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Equilibrium and Efficiency in the Tug-Of-War

Listed author(s):
  • Konrad, Kai A.
  • Kovenock, Dan

We characterize the unique Markov perfect equilibrium of a tug-of-war without exogenous noise, in which players have the opportunity to engage in a sequence of battles in an attempt to win the war. Each battle is an all-pay auction in which the player expending the greater resources wins. In equilibrium, contest effort concentrates on at most two adjacent states of the game: the “tipping states”, which are determined by the contestants’ relative strengths, their distances to final victory, and the discount factor. In these states battle outcomes are stochastic due to endogenous randomization. Both relative strength and closeness to victory increase the probability of winning the battle at hand. Patience reduces the role of distance in determining outcomes. Applications range from politics, economics and sports, to biology, where the equilibrium behavior finds empirical support: many species have developed mechanisms such as hierarchies or other organizational structures by which the allocation of prizes are governed by possibly repeated conflict. Our results contribute to an explanation why. Compared to a single stage conflict, such structures can reduce the overall resources that are dissipated among the group of players.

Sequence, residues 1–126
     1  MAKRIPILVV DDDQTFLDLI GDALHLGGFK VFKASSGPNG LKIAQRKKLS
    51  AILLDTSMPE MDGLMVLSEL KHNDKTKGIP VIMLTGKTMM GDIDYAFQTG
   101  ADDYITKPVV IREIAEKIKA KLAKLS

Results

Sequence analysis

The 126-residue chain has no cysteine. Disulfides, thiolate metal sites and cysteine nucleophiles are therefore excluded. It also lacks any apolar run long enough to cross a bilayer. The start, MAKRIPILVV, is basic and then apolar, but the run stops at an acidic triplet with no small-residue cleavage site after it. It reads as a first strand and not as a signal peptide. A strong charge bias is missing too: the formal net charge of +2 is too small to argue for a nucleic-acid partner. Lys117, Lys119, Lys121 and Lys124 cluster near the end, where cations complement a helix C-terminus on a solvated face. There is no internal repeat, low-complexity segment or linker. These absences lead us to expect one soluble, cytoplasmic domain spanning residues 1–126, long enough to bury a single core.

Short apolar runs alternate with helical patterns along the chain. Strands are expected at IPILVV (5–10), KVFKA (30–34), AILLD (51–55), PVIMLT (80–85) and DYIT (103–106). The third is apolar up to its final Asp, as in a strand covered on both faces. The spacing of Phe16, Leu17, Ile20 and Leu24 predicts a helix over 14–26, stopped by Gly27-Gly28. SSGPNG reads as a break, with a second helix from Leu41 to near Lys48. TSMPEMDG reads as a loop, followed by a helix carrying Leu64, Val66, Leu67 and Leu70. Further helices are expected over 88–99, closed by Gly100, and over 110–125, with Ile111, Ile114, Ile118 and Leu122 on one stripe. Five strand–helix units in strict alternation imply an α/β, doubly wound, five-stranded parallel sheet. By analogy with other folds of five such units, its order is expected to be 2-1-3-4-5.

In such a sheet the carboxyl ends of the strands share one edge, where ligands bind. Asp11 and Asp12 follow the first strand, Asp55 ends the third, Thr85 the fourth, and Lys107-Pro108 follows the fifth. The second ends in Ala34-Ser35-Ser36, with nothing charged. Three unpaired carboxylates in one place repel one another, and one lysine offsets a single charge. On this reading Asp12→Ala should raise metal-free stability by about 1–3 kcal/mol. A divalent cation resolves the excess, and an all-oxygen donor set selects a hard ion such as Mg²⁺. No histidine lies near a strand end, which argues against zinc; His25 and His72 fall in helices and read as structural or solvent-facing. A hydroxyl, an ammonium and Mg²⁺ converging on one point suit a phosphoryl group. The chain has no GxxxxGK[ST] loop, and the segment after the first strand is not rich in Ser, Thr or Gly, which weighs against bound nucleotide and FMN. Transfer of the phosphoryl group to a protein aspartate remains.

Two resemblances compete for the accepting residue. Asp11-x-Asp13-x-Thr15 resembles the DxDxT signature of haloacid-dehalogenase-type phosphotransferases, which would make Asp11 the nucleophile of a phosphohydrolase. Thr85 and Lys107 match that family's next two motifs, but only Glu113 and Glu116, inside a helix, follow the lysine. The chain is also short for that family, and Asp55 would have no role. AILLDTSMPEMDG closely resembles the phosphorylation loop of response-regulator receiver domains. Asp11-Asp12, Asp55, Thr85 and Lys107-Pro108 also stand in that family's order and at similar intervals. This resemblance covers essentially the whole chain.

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File URL: http://www.krannert.purdue.edu/programs/phd/Working-papers-series/Year-2005/1177.pdf
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Paper provided by Purdue University, Department of Economics in its series Purdue University Economics Working Papers with number 1177.

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Length: 31 pages
Date of creation: Jul 2005
Handle: RePEc:pur:prukra:1177
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Web page: http://www.krannert.purdue.edu/programs/phd

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  7. Baye, M.R. & Kovenock, D. & De Vries, C.G., 1992. "Rigging the Lobbying Process: An Application of the All- Pay Auction," Papers 9-92-2, Pennsylvania State - Department of Economics.
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  11. Ellingsen, Tore, 1991. "Strategic Buyers and the Social Cost of Monopoly," American Economic Review, American Economic Association, vol. 81(3), pages 648-657, June.
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  17. Gavious, Arieh & Moldovanu, Benny & Sela, Aner, 2000. "Bid Costs and Endogenous Bid Caps," Sonderforschungsbereich 504 Publications 01-19, Sonderforschungsbereich 504, Universität Mannheim;Sonderforschungsbereich 504, University of Mannheim.
  18. Kai A. Konrad, 2003. "Inverse Campaigning," CESifo Working Paper Series 905, CESifo Group Munich.
  19. Kaplan, Todd R. & Luski, Israel & Wettstein, David, 2003. "Innovative activity and sunk cost," International Journal of Industrial Organization, Elsevier, vol. 21(8), pages 1111-1133, October.
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  21. Eric Maskin & Jean Tirole, 1997. "Markov Perfect Equilibrium, I: Observable Actions," Harvard Institute of Economic Research Working Papers 1799, Harvard - Institute of Economic Research.
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  23. Arbatskaya, Maria, 2003. "The exclusion principle for symmetric multi-prize all-pay auctions with endogenous valuations," Economics Letters, Elsevier, vol. 80(1), pages 73-80, July.
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